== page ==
Agriculture Photographer, inga spence Interview
Professional agricultural stock photographer, inga spence is based in Northern Nevada. Having specialized in this niche for several decades, Spence has successfully evolved along with the industry. Let’s get her insights on the evolution of stock photography.
Did you have an interest in the agriculture industry prior to taking up photography, or were there other reasons for specializing in this niche?
I was definitely interested and attracted to ‘Agriculture’ prior to getting involved in photography… so I felt quite comfortable working in this field.
There’s been a lot of griping from pros that have seen licensing rates drop significantly over the past five to ten years. How has this impacted the way that you approach the business?
I feel that the main reason that licensing rates dropped is because certain large agencies have reduced their rates considerably, not considering the photographer. If there was a cohesive approach on this issue, the rates would stay the same, or should increase. Considering how the cost of equipment and travel expenses have risen, not to mention that these agencies are now dealing with digital files and their cost of converting 35mm is no more. (In other words, agencies should have better commission rates for the contributors)
You’ve spent many years to build up a significant library of images in both the 35mm and digital formats. Producing a body of work like this surely doesn’t come without costs. So what is your opinion about aspiring professional photographers that believe that a good way to get ahead is by giving images away for free in exchange for a photo credit?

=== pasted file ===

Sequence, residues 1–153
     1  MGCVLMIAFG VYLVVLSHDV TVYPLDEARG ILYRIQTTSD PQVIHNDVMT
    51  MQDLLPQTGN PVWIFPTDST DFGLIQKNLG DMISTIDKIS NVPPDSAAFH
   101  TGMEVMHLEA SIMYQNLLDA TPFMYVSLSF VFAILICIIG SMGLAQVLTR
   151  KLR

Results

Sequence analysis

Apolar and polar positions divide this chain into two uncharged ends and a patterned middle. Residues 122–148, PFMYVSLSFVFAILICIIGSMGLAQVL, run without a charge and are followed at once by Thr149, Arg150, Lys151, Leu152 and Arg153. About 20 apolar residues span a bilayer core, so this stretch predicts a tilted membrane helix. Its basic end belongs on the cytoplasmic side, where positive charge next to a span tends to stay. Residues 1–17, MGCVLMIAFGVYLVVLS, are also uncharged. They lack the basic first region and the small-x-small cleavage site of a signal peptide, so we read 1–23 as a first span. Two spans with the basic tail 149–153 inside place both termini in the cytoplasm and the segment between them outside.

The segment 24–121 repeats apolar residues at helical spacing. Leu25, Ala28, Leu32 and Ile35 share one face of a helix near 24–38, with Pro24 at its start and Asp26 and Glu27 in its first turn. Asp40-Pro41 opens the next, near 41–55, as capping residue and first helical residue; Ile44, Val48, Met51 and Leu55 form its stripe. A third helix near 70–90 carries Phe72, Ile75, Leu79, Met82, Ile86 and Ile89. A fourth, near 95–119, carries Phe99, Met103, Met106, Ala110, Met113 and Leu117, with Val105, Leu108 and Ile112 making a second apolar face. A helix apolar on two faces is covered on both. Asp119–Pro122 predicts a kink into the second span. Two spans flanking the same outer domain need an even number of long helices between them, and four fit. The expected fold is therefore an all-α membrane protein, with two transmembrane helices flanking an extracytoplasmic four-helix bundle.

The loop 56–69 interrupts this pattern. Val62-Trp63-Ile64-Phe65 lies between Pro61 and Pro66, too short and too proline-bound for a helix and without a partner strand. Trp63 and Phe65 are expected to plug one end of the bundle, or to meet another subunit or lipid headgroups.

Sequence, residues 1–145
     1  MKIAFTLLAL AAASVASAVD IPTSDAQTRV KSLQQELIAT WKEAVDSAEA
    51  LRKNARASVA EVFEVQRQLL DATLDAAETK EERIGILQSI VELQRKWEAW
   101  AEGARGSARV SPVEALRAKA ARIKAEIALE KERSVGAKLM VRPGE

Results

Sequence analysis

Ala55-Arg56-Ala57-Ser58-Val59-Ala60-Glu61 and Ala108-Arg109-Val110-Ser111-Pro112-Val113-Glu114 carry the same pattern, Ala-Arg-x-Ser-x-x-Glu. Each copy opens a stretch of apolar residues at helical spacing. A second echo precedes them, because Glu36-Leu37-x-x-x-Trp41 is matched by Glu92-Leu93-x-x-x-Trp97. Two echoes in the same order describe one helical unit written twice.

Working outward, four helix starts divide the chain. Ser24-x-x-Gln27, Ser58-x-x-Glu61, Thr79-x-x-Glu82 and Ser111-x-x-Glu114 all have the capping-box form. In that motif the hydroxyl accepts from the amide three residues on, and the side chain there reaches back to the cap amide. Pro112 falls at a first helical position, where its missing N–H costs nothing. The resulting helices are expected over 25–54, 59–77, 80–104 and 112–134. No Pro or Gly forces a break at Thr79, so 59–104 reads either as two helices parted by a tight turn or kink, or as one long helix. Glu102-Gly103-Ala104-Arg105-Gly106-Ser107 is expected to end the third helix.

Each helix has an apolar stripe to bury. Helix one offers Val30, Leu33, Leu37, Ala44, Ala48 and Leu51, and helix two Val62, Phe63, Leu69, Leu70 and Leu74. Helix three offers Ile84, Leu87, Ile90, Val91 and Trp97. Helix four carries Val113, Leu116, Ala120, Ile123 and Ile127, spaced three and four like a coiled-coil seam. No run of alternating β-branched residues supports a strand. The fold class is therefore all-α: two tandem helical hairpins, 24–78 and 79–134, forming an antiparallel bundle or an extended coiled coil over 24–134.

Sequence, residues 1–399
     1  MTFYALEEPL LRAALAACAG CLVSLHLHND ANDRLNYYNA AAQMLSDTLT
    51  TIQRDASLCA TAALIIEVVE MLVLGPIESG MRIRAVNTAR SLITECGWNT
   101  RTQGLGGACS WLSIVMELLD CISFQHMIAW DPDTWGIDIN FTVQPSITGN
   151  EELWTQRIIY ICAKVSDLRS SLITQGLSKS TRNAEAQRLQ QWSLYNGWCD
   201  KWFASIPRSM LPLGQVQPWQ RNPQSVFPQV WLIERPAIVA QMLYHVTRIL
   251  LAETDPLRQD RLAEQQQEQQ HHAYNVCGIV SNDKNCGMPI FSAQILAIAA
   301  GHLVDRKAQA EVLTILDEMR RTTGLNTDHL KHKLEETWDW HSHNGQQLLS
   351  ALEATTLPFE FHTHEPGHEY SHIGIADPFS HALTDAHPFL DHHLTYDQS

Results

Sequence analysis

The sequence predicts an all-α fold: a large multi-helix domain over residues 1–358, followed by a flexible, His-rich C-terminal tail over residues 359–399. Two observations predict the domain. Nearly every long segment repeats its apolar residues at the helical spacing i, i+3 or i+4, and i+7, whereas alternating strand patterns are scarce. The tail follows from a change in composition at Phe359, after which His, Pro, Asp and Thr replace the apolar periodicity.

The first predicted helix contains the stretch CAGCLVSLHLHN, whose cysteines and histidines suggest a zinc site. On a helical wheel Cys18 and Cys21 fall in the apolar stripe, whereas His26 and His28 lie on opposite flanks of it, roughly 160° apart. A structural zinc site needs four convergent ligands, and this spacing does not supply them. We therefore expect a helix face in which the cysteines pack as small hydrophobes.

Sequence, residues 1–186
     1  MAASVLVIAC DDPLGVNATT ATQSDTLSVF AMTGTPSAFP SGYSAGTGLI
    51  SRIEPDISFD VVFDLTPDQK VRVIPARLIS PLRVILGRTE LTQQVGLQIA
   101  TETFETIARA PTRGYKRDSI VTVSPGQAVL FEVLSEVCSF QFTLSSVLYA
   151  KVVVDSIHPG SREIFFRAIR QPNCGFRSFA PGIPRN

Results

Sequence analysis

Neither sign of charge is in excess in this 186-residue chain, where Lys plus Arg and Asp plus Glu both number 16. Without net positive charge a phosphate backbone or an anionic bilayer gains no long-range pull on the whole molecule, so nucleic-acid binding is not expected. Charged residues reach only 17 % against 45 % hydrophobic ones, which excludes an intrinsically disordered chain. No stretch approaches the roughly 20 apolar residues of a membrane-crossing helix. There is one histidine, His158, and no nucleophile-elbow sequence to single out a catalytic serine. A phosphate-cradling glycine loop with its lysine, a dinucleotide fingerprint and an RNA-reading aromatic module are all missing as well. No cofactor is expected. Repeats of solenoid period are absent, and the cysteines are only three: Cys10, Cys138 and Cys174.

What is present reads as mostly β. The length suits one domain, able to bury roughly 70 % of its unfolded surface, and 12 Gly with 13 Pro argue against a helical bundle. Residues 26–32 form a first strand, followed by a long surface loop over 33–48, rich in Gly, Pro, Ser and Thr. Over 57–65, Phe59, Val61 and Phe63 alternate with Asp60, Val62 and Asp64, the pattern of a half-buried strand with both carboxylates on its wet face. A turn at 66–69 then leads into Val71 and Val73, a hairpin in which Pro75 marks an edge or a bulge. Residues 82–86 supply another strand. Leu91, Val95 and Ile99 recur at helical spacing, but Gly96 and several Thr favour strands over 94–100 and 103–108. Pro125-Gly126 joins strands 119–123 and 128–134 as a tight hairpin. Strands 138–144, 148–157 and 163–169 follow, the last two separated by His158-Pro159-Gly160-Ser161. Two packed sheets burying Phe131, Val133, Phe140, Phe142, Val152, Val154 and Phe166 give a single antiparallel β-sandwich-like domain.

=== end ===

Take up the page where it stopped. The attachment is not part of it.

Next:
Certain photographers are willing to ‘sell/give away’ at any cost not realizing that the end result will also hurt them in the future… degrading the whole profession… tearsheets are an item of the past. I believe that photo buyers don’t really look at credits. It’s the image that counts.
Should hobbyists care about valuing their work even if they have a day job to pay the bills?
YES, definitely. Many a great and present ‘professional photographers’ started photography because they enjoyed it. If the shoe was on the other foot, the hobbyist most likely would feel different. Many pros are still working other jobs in order to follow their dream…
Any photography business announcements or personal projects that you would like to tell us about?
After some 20+ years in agriculture, photographing worldwide (but not completely limited to that specialty). I am really interested to become more diversified. But agriculture will always be a part of me…
I appreciate the opportunity to express my feelings.
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